Tuesday, January 15, 2013

Eating for Victory and Make Do and Mend

Two new additions to my library. Eating for Victory and Make Do and Mend.

These two books are a collection of reproduction pamphlets that were handed out by the British Ministry of Food and the Ministry of War to the common folks during the second world war on how to live on the ration system. These two books also are a very good peek into what our friends in Great Britain had to deal with in their daily lives on the home front. Literally everything was rationed, from cloth and furniture, to food, fuel, and metal. Somethings were heavily restricted, while other items were non-existent due to the Nazi blockade. Over half of their food pre-war was imported from the U.S and other countries. The war in itself changed the way their agriculture worked. Everything was tightly restricted and controlled, and these two books are a couple of examples showing what they had to go through.

Eating for Victory covers the food rationing system and gives a lot of recipes and meal plans with foods that are heavily rationed. It shows you how to plan meals, how to work with new foods like dried eggs and dry milk. With us today... Well if you think about it having things like food storage is really food rationing, you are working with only the stuff that you have if you can't get to the store. Most of the items in this book should be in everyone's food storage. They have recipes using stuff like butter, sugar, flour, oils, salt, and food additions that would add any sort of flavor into dishes that would be bland.

Make Do and Mend is the companion book to Eating for Victory. This book covers home heating, basic home repairs, clothing maintenance and all the ration coupon rules and regulations. There is just one pamphlet alone that covers how to wash your clothes so they don't wear out as fast. The Mrs Sew - and - Sew pamphlets show you how to darn and repair rips, tears and holes in clothes. This book also shows you how to conserve fuel if you use gas or coal cooking ranges (I think there are several here that might be interested in that!) There is so much more in this book that what I am just telling you here.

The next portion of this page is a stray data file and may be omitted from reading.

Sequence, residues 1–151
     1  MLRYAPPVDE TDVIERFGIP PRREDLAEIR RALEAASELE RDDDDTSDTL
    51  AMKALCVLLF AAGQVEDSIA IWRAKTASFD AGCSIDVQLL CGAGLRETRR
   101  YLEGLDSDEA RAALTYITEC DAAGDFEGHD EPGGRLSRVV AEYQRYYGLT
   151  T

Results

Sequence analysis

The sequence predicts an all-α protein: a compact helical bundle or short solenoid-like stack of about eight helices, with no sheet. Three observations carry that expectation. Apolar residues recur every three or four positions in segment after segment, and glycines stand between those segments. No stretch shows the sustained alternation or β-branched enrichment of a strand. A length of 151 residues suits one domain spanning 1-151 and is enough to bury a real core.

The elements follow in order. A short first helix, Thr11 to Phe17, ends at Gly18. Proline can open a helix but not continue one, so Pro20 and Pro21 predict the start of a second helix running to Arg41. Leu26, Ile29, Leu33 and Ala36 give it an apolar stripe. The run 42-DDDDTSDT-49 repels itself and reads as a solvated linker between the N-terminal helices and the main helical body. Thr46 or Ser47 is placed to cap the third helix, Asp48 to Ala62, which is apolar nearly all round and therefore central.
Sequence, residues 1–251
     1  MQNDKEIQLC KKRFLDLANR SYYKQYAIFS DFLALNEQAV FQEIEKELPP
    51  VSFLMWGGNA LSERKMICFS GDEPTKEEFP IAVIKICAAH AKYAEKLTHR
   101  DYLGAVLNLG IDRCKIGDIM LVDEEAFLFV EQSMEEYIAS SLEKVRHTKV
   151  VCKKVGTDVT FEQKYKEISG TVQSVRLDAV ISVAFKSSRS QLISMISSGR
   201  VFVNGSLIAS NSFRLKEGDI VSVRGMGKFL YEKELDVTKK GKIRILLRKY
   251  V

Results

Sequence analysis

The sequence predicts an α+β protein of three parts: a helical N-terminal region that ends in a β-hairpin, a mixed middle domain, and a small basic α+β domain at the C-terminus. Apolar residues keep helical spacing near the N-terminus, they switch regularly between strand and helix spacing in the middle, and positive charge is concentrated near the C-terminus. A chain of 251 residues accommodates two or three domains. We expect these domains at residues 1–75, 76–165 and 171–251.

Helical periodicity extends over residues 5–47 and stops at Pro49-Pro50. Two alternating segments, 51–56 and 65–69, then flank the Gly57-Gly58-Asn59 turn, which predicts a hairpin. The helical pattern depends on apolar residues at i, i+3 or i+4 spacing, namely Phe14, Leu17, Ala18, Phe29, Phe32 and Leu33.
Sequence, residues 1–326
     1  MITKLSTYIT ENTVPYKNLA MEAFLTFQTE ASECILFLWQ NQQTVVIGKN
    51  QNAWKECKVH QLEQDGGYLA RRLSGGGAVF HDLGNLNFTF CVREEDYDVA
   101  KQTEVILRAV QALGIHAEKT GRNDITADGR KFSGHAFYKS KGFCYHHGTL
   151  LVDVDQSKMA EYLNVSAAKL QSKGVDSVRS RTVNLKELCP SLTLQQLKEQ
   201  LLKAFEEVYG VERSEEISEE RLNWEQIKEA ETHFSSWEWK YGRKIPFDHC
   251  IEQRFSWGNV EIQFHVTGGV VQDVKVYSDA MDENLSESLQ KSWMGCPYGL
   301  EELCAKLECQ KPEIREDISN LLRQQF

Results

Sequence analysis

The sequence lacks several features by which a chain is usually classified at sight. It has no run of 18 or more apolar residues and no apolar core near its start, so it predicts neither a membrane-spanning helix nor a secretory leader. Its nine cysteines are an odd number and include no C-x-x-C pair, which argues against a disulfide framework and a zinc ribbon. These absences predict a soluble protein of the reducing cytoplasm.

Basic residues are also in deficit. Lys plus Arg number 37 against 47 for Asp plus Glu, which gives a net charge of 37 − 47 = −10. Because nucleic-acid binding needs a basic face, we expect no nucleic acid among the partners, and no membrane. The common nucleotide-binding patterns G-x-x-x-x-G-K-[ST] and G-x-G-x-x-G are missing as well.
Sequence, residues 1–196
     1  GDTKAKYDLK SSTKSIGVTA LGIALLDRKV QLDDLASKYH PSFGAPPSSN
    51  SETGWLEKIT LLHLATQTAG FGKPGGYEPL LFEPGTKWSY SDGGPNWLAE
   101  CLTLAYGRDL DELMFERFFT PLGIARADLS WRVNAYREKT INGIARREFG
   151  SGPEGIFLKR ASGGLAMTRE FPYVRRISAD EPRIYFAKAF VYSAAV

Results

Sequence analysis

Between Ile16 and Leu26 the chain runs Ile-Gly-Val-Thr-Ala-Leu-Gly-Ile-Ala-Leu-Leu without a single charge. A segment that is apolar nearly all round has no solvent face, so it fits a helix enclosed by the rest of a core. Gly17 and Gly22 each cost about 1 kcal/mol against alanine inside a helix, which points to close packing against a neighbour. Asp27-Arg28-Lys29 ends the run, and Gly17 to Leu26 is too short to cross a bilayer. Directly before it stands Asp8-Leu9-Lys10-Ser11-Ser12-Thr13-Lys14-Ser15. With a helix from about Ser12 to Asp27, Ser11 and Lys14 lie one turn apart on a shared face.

Both of these books are very good, if not only for the historical value, but also for other prepping ideas. The only few downsides to these books are: 1. Some of the information is old since we are talking about the mid 30's to mid 40's era here, especially the health information so keep that in mind. 2. They do use different measurements than we do, especially in cooking, if you can get around that, you would be doing fine. Personally though, I think these books are good to have in a prepper's library. I got both of these on Amazon, though I don't remember what I paid for them, they were not real expensive though.

No comments: